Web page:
Also I couldn’t find my twill tape for putting in the tag, so I substituted a bit of pink seam-binding from one of the vintage sewing notion scores. It seems to be working, though we’ll see how the transfer adheres after washing (I find it sticks better to the textured twill-tape than to the satiny ribbon I’ve sometimes used).

Straps and a cute little label

Now Tyo can’t decide if she wants a shirt like this, or a sweater like my Kimono Lady Grey (which she’s been stealing on me, by the way). I told her I’m not making her any sweaters unless she agrees to hand down some of the myriad of bunnyhugs (hoodies to the rest of the world) she’s been hoarding for the last few years—y’know, the ones that don’t cover more than half her forearm but she somehow can’t quite give up?

The construction is a mix of the old stretch stitches on my regular machine and the serger; mostly depending on how much control I needed at any given point. Perhaps someday I’ll be able to construct things entirely on the serger, but not yet.

Next up: more fun with Lekala patterns (and unfortunate fabric choices… sigh…)

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13 Comments

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13 responses to “A loud little shirt

  1. She is SO cute! And I hear you about that fabric – eeek pattern 🙂 (Though those kinds of patterns hide a multitude of sins, I’ve learned from experience.)

  2. She is a cutie! Why is it harder to construct things on a serger? I have heard others say that before– just curious.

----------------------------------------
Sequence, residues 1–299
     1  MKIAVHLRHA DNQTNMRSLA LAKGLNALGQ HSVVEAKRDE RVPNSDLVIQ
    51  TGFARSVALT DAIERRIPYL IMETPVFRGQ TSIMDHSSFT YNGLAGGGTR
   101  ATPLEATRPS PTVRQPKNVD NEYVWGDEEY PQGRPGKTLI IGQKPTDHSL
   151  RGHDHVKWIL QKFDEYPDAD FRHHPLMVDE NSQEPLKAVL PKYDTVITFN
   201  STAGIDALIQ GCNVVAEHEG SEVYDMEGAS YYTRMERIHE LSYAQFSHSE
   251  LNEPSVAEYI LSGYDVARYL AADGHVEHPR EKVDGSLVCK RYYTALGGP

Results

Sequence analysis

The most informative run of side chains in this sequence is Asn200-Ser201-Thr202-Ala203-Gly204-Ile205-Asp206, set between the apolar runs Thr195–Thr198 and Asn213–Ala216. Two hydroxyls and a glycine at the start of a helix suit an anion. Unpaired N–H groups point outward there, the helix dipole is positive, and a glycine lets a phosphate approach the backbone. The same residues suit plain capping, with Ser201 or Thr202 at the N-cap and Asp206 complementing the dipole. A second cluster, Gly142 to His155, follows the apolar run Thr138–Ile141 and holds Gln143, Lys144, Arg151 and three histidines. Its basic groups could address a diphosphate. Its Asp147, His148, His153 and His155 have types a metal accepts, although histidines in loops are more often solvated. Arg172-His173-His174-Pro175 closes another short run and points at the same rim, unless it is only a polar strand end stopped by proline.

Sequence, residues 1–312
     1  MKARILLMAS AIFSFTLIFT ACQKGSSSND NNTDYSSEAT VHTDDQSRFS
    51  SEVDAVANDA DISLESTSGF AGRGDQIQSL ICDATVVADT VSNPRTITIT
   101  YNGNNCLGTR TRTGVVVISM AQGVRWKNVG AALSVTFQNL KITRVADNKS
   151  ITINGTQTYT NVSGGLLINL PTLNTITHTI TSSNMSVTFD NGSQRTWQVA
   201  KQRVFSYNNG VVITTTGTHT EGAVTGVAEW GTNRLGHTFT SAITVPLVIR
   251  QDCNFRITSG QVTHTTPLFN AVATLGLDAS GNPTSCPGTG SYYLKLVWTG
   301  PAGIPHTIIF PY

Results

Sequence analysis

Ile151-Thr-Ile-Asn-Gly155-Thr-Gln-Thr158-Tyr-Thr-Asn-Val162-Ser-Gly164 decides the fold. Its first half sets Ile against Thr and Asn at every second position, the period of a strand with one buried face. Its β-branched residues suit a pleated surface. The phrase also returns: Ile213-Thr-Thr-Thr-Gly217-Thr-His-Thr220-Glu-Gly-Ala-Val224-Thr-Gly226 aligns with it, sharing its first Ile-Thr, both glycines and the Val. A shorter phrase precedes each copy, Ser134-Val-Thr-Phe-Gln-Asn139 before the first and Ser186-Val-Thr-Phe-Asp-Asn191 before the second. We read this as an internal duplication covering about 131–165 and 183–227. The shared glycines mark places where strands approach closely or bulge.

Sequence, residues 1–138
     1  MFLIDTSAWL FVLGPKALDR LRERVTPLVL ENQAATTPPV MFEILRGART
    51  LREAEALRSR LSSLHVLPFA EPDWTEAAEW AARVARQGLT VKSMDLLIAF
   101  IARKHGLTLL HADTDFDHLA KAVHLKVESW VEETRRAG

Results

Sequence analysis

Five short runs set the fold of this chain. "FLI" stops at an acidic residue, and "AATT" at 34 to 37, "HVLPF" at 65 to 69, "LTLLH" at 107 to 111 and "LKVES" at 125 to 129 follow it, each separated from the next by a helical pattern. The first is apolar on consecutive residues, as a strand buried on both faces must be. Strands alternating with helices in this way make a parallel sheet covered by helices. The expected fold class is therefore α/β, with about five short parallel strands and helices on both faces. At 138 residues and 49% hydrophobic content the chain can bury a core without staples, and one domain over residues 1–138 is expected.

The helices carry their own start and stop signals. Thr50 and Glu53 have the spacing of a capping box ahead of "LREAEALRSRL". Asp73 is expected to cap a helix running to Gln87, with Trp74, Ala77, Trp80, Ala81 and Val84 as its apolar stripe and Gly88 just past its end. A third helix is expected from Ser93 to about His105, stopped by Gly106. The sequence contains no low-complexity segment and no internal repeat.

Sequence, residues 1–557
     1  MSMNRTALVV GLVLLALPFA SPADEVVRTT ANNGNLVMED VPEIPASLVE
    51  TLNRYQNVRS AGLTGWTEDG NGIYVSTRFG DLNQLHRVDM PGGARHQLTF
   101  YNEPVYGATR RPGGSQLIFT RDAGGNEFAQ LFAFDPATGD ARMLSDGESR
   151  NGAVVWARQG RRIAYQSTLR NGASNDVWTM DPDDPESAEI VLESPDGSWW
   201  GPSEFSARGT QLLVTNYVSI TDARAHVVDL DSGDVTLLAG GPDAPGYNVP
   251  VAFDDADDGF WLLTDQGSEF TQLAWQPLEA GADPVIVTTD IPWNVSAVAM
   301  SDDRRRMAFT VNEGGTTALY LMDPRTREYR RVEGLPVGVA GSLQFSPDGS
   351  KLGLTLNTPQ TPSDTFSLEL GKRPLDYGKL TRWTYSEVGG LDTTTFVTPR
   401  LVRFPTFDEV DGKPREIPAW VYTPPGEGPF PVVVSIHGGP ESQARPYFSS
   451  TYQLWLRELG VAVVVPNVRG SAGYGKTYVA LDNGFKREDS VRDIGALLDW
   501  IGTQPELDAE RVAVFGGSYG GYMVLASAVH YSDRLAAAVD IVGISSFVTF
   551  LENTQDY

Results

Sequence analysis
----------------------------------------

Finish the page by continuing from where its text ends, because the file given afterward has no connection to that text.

• It’s a number of subtle things, I find. The needle is harder to see, because it’s partly hidden by the blade. The foot (at least on mine) is quite long, which also makes it harder to maneuver. You can’t stop, lift the foot, and pivot sharply (doesn’t work with the blade or the interlocking threads). And they tend to go really, really fast.

  3. Very cute little top! And she looks like she loves it, so; win!

  4. You write in such an amusing way! The top is really cute on your even cuter girl 🙂

    I dislike when my brain’s 3D imagery goes on vacation and I end up with straps on the outside, or a waistband topstitched down before the belt loops :p

    I agree about serger sewing being more difficult–you have much less control. Ripping out stitches is also faster on machine vs serger.

  5. cheryl

    The best thing about this kind of fabric is that you don’t actually have to finish the hems if you don’t want to. Its not going to ravel, although I find it sometimes curls the wrong way (bought some of this exact print a while ago!) I don’t have a twin needle, so I tend to sew these knits with a triple zigzag stitch (the regular zigzag just seems to cause trouble), and finish any hems that way too.

  6. I think its just adorable and so is she!

  7. Sewista Fashionista

    She does look so happy and cute in it! And no one looks at hems. And most folks are non-sewers who don’t scrutinize such things. From the top pic I thought your hem looked good.

  8. I have had many straps-on-the-wrong-side and moebius strip moments myself, they are so frustrating! But in the end, it’s a very cute little top your daughter looks happy to wear.